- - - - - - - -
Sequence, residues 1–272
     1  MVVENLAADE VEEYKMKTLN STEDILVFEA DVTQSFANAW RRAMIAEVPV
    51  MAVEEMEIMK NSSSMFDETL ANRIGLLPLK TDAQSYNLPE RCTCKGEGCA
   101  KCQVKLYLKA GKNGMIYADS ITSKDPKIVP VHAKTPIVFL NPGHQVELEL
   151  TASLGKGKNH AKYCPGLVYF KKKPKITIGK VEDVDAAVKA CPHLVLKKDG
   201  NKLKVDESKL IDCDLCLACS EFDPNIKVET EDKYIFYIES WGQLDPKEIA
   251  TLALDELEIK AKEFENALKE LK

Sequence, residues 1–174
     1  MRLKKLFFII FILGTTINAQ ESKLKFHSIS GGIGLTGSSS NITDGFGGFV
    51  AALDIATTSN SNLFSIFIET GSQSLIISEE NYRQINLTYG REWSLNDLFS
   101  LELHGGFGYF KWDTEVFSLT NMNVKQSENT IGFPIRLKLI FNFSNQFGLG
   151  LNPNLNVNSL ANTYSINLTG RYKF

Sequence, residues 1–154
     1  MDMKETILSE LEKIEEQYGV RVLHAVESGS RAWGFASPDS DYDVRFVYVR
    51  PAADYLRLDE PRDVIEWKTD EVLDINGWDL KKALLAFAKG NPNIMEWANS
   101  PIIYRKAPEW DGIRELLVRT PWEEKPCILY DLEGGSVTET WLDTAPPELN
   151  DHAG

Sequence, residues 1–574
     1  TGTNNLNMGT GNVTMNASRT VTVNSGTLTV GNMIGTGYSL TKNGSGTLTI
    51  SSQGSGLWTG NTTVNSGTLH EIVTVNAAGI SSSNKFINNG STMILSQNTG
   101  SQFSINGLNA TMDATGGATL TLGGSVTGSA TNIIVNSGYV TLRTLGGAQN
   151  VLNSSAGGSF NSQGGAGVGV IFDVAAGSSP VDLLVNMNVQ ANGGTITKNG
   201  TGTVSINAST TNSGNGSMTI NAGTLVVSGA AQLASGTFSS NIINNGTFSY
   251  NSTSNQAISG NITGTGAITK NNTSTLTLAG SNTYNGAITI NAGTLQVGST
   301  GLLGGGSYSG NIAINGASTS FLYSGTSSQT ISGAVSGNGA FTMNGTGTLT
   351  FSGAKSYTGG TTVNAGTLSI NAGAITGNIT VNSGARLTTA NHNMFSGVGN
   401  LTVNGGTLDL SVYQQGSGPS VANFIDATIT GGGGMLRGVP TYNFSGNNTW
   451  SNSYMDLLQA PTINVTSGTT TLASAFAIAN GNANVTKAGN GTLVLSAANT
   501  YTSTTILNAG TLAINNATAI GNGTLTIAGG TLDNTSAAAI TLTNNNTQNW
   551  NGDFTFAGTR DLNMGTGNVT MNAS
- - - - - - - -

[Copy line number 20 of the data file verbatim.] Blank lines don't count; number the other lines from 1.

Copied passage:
    51  SSQGSGLWTG NTTVNSGTLH EIVTVNAAGI SSSNKFINNG STMILSQNTG